In 1986, the car passed from Frasher back across the Atlantic into the ownership of another enthusiast of the marque and model, Ulrich Sauer. Mr. Sauer and his son Martin recall the car to have been particularly original, it already had been upgraded to front wheel brakes and was complete with the hard top it retains to this day. While a little 'scruffy' they recall that it was perfectly usable, and it provided a good touring car which they exercised on a number of road events. In around 2000, mindful that 507 was by now in need of a restoration, in preference they chose to sell it and acquire a ready to use example. It was sold during the Techno Classica in 1999 and shortly after this returned to the U.S.
Around this time it was presented by Brooks/Bonhams at a Florida auction, where it can be seen to be substantially original and well worn. It was still in the Ivory paint scheme it had been when new and the interior, in red leather was almost certainly the original. By this stage its front brakes had been uprated to Dunlop discs, which it retains. At this point the car became the subject of a professional refurbishment at the hands of Skip Shirley for then owner Tom Davidson. More than $100,000 was spent on a detailed and thorough rebuild, during which the car was painted to its stunning light metallic blue scheme and re-trimmed in gray leather. To set the car off reproduction Rudge 'knock-off' wheels were fitted (the original steel wheels and 3 covers are with the car). This restoration was completed in time for a shake down on the Gauthier Classic in 2003, to ready it for the Colorado Grand in 2004. Mr. Davidson's journey from 'Vail to Vail' is featured in the journal of the Rocky Mountain Chapter of the BMW Car Club of America.
The 507 subsequently passed to a Stephen Block of Moraga, CA. During the Block ownership, a BMW Mobile Tradition Zertificat and facsimile handbook was supplied with the compliments of Heiko Seekamp, confirming the original delivery details listed above. It was acquired by the present owners in 2006.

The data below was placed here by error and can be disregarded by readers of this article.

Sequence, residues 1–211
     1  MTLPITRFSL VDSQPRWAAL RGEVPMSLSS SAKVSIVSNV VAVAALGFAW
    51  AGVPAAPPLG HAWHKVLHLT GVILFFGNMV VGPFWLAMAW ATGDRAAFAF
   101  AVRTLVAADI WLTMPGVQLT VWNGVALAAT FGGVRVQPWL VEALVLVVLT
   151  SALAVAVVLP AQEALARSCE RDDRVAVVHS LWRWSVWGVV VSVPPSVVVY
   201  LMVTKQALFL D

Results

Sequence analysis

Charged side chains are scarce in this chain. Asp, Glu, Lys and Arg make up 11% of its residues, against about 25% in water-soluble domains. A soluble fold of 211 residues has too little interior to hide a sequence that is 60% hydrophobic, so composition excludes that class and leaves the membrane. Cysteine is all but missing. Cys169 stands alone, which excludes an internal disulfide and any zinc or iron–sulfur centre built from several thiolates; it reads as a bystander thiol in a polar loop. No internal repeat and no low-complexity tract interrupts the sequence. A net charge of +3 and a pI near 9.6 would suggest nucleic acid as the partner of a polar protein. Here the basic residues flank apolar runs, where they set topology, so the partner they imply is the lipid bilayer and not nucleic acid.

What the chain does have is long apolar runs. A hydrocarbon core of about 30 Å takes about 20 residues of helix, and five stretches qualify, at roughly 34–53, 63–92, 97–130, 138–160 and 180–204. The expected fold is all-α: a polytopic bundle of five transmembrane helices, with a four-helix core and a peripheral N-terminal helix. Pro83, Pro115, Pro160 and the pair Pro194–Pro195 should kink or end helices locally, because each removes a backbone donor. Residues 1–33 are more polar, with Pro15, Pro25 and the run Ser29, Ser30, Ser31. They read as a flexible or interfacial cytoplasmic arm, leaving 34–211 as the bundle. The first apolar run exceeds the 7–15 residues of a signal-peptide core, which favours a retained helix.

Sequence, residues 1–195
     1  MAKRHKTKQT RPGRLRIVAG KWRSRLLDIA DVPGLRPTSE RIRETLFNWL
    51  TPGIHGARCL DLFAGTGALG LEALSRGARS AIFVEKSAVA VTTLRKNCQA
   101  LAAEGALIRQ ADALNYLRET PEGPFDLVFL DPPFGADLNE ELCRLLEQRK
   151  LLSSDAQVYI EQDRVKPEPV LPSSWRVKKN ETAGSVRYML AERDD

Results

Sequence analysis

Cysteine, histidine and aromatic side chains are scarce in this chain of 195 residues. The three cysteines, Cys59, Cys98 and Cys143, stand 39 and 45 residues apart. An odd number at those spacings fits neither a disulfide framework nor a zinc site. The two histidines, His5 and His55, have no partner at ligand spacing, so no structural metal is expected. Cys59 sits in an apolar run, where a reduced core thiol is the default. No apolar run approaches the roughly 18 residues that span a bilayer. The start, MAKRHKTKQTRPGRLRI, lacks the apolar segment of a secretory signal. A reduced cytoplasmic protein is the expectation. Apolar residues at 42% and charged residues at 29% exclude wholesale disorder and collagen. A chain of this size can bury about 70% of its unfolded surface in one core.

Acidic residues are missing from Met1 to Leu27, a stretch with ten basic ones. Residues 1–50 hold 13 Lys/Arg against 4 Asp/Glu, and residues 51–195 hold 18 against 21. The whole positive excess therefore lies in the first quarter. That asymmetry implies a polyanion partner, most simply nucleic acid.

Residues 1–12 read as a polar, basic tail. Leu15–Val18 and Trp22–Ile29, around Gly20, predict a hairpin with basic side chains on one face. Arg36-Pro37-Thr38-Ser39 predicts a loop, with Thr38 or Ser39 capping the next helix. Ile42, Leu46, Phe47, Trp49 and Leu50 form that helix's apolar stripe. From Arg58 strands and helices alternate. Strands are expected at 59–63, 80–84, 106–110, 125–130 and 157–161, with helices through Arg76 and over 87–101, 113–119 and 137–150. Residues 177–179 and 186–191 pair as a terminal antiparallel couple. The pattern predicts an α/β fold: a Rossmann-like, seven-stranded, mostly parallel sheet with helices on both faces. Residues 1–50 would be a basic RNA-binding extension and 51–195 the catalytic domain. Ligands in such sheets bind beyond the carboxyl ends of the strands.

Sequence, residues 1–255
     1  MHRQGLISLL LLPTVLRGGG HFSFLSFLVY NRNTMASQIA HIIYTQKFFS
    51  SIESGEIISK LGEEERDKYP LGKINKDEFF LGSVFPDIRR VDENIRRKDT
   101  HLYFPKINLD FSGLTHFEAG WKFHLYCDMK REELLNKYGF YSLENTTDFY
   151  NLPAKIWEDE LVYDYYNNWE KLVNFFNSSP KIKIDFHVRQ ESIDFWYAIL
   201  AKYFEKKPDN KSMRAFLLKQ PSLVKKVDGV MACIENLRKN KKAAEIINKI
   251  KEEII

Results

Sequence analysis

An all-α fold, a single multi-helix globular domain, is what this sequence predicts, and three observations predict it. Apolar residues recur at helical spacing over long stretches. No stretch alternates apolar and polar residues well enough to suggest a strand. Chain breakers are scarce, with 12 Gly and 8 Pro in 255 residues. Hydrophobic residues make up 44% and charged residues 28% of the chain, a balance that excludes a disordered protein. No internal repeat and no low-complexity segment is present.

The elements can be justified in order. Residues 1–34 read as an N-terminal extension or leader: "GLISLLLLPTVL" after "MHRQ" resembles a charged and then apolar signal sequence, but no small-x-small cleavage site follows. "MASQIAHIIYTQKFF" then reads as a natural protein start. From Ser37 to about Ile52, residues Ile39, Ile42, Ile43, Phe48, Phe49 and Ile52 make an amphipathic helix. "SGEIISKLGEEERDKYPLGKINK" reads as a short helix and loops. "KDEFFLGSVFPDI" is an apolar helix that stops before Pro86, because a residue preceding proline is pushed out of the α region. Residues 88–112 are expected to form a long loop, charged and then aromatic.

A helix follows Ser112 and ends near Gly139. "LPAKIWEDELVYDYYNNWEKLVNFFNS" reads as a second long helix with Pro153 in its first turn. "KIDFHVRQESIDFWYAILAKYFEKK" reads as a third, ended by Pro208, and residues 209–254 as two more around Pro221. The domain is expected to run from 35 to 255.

On arrival in the current prestigious Oldenburg collection, the car was treated to a complete engine rebuild at the hands of highly respected garage Wayne Obry's Motion Products. The intent while in the Oldenburg collection has always been to have a car that was on the button and ready to use, and this has been achieved. At the time of cataloguing the car was road tested by a Bonhams specialist and was found to perform extremely well, its suspension is well set up to provide comfortable road handling, while the solid power resource and completely rebuilt gearbox shifts very smoothly both up and down the pattern. The brakes are equally precise and bring the car calmly and consistently down the odometer without drama. So, aside from its gorgeous aesthetics and condition, this is a great driving example also.
BMW's 507 is one of the most iconic designs of its day, there was quite literally nothing that looked like this BMW. It could be argued that its styling cues came from Italy, but the 'shark-nose' treatment pre-dates the Ferrari Grand Prix car, while its running gear and assembly are very clearly German in their precision and technical prowess.
Today, they are perhaps more coveted than ever before, as aficionados have increasingly learned to appreciate the looks and practicality that the car offers as a mount for many historic touring events, for which by date it is eligible, including Colorado Grand, Mille Miglia, and Le Mans Classic. For those that recognize the long-term importance of rarity as well as aesthetics, a 507 puts you in a more exclusive club than its contemporary Mercedes-Benz or indeed many Ferrari models.